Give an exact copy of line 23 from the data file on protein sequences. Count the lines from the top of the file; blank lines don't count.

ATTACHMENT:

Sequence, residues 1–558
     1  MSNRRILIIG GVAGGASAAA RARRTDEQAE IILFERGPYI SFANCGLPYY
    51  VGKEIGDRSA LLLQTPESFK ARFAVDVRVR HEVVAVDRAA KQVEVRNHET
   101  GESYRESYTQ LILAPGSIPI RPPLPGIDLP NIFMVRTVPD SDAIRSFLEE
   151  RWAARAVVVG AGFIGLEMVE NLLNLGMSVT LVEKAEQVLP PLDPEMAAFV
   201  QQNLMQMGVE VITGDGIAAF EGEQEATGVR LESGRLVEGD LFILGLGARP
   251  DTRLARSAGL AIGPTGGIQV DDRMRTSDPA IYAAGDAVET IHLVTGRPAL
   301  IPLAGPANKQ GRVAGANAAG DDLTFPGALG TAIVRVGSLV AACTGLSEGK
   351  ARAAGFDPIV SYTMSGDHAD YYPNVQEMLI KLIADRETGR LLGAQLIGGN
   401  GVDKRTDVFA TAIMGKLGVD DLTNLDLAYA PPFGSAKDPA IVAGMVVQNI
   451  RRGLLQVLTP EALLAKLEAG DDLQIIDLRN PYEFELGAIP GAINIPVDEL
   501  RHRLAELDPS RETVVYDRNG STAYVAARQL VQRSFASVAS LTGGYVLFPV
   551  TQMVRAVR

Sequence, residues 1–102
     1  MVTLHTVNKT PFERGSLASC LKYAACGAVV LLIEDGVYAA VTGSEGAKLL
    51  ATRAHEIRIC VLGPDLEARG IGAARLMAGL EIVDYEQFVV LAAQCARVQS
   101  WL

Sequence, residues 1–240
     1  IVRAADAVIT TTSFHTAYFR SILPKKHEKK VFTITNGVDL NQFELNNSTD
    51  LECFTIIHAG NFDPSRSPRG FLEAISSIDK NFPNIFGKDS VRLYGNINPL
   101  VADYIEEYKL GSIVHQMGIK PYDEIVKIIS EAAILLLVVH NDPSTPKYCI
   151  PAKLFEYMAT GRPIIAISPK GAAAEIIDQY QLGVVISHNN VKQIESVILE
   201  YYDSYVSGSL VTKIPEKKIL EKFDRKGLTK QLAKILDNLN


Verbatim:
   201  YYDSYVSGSL VTKIPEKKIL EKFDRKGLTK QLAKILDNLN